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John Singleton Copley was uniquely situated to take advantage of the finest artistic training available in the American colonies. In 1748, his widowed mother married the English emigrant artist and mezzotint engraver, Peter Pelham, who worked closely, in Boston, with yet another English émigré, John Smibert, the first professional portrait painter in America. Smibert stopped painting in 1746 and died in 1751. Smibert’s family, however, continued to run the paint shop that the artist had established, as well as to preserve Smibert’s upstairs studio. After Smibert’s death, the studio continued, as it had been during his lifetime, to be a place of pilgrimage for artists in the American colonies.

In the formative time when he was 11 to 14 years old, Copley was able to learn directly from Peter Pelham and to enjoy, then, as well as afterward, free and frequent access to the finest collection of copies of Old Master paintings and plaster casts to be found anywhere in the colonies. This confluence of fortunate circumstances buttressed Copley’s own precocious and prodigious natural gifts. By 1760, when he painted his masterful portrait of the merchant Epes Sargent (National Gallery of Art, Washington, D.C.), he was, at the age of twenty-two years, the wunderkind of American art, the undisputed premier portraitist not just of Boston, but of all the British North American colonies. Copley’s early and easy success, though artistic, financial, and personal, was still, by definition, provincial. It failed to give sufficient sweep to his abilities and ambitions. In Academy: The Academic Tradition in American Art (Washington, D.C.: Smithsonian Institution Press, 1975, p. 23), Lois Marie Fink and Joshua Taylor aptly describe the Boston native’s dilemma: “The very image of art . . . was lacking in the United States. . . . For Copley, as for most artists of the time born in America, it was a fundamental necessity for his art to feel himself to be working in the great tradition of Western painting. . . .” Copley aspired to be a first-rank, world-class history painter. He could not do that without going to Europe.

In 1774, in pursuit of his goal, Copley left Boston. While his wife and children remained temporarily at home, he went first to Italy, and then to London. (Two museum exhibitions and accompanying catalogues have examined his American and English careers, respectively. They are Carrie Rebora and Paul Staiti, John Singleton Copley in America [New York: The Metropolitan Museum of Art, 1995], and Emily Ballew Neff and William L. Pressly, John Singleton Copley in England [Houston: The Museum of Fine Art, Houston, 1995]). In this respect he followed the path taken in 1760 by Benjamin West, a Pennsylvania native born in the same year as Copley. West was living proof that American birth was no barrier to London success. West arrived in London in 1763, and, by 1768, was a founding member of the British Royal Academy of Art. His history painting of 1770, The Death of General Wolfe (The National Gallery of Canada, Ottawa), was a major critical success, resulting in royal commissions. By 1772, West described himself, in the Royal Academy catalogue, as “Historical Painter to the King.” None of this would have been lost on Copley, as he was confined to painting portraits in Boston. Later, when both men were in England, the personal and artistic parallels between Copley and West, compounded by their markedly different temperaments, stoked a sibling-like rivalry that remained a nagging leitmotif of Copley’s English career.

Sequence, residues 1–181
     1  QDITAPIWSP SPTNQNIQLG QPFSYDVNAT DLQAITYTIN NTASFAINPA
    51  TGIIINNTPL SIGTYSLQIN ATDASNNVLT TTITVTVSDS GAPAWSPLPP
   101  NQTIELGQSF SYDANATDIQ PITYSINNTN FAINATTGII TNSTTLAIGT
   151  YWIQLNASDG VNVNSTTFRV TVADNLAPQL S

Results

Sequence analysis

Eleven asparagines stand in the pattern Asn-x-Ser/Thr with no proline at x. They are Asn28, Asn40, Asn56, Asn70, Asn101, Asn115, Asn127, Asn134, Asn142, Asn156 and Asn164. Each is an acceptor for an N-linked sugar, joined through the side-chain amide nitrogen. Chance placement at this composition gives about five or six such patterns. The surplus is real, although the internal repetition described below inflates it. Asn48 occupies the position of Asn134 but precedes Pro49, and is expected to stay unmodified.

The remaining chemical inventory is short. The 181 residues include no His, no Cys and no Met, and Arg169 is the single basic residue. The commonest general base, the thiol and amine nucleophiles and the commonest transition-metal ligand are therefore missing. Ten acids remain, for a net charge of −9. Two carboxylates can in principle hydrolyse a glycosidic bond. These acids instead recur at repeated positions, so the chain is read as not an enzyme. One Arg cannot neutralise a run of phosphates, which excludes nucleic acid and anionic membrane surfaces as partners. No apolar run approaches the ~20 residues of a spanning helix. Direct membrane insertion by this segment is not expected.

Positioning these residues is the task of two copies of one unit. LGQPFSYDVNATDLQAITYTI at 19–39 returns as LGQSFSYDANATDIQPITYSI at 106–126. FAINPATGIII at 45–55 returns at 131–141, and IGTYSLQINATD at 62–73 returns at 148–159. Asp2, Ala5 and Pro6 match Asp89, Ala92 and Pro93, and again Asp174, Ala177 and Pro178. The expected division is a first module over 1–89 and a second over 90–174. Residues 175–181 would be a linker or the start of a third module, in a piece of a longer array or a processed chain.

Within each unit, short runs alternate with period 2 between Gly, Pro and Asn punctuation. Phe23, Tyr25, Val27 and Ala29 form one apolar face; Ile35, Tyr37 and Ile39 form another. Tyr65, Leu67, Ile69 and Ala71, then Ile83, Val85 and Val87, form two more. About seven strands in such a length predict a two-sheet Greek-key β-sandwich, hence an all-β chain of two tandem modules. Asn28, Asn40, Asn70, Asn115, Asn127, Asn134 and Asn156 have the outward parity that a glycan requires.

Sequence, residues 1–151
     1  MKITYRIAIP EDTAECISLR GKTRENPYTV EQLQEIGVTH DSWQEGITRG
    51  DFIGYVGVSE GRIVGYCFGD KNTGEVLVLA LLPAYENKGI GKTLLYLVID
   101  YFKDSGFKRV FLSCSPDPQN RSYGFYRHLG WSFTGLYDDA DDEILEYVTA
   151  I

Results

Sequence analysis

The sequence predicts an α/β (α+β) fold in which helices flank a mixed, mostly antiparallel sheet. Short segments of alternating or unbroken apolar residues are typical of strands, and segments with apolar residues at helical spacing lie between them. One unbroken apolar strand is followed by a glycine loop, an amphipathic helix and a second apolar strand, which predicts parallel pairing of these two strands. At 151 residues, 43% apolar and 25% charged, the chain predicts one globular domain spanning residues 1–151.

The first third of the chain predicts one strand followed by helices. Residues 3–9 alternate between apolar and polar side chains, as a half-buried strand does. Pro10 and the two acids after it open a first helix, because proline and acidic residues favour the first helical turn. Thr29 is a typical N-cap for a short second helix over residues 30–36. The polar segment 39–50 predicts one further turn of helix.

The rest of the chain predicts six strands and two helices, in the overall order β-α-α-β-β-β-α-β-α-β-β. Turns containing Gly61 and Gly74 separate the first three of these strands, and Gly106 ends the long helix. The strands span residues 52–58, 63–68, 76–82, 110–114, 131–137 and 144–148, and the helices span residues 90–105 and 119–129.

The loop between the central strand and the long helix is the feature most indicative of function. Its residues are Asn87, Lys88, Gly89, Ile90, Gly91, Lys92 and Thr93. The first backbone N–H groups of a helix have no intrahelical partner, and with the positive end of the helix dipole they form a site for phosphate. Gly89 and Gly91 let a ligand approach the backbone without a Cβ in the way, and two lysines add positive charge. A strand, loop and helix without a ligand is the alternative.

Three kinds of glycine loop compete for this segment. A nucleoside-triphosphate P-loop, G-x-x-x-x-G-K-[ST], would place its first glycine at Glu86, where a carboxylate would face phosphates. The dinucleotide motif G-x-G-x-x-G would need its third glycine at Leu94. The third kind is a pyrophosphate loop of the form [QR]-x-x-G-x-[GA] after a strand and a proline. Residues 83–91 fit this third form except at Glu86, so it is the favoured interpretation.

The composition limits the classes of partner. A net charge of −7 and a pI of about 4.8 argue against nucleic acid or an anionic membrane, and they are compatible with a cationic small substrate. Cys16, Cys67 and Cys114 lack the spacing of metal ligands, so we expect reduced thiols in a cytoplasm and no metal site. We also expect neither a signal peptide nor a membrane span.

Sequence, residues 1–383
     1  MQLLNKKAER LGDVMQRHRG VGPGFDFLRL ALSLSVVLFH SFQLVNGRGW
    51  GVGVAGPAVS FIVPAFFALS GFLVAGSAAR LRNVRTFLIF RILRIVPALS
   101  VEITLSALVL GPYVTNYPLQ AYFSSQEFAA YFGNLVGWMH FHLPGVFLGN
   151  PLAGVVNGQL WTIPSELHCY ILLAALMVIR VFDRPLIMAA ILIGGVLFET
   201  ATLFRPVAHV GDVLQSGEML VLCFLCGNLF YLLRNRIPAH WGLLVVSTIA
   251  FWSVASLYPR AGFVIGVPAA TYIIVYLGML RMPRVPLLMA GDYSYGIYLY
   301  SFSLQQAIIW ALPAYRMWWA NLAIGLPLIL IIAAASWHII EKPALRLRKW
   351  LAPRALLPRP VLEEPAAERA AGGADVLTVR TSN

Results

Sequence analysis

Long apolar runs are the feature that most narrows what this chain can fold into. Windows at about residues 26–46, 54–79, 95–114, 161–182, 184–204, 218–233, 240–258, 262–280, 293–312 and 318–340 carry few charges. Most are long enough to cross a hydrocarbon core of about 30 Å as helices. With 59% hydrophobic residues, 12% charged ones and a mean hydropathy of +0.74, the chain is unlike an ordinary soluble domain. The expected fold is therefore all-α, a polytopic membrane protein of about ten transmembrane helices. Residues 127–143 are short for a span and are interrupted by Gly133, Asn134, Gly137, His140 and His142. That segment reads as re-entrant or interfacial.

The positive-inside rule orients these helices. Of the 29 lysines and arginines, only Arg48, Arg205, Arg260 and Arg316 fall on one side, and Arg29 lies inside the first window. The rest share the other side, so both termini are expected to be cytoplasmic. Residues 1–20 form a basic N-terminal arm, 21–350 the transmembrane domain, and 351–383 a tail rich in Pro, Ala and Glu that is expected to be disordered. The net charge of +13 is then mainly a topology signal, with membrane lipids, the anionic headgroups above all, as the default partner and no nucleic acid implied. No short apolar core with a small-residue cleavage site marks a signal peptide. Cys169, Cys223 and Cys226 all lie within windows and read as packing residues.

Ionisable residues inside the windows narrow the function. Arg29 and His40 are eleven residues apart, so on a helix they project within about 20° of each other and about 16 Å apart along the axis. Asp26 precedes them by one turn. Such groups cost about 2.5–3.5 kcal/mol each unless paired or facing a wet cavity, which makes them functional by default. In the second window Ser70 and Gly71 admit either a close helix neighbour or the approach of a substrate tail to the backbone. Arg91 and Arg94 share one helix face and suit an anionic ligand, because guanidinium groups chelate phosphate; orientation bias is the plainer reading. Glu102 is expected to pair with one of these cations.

Copley’s family joined him in London in 1775. In 1776, as a grand calling card, he exhibited his tour de force family portrait at the Royal Academy, The Copley Family (National Gallery of Art, Washington, D.C.), and in that same year was elected to membership. Copley pursued a successful career in art in London for the rest of his life, painting major historical canvases as well as portraits. He expanded his stylistic language, adding to the characteristic hard-edge Neo-Classical mode of his earlier American work a more fluid, feathery, and romantic brushstroke favored in cosmopolitan London. For the substantial remainder of his career, Copley painted in whatever style was most appropriate to his subject. Personally, the artist seems to have possessed a restless and striving spirit. He never satisfied his own high financial and professional expectations. He was involved in the bitter infighting that marked the London artistic community, and, throughout, his life in England was plagued by financial difficulties. Nonetheless, his family prospered in England. The Copleys, despite financial uncertainty, lived a very comfortable life in the British capitol. Copley attained a position of leadership at the Royal Academy. He was regarded, as he had wished, as a gentleman—not a mechanic or glorified artisan (cultural identities that were the bane of proud American painters and sculptors), but as a respected professional who mingled freely in the same social circles as the substantial patrons whose portraits he painted.

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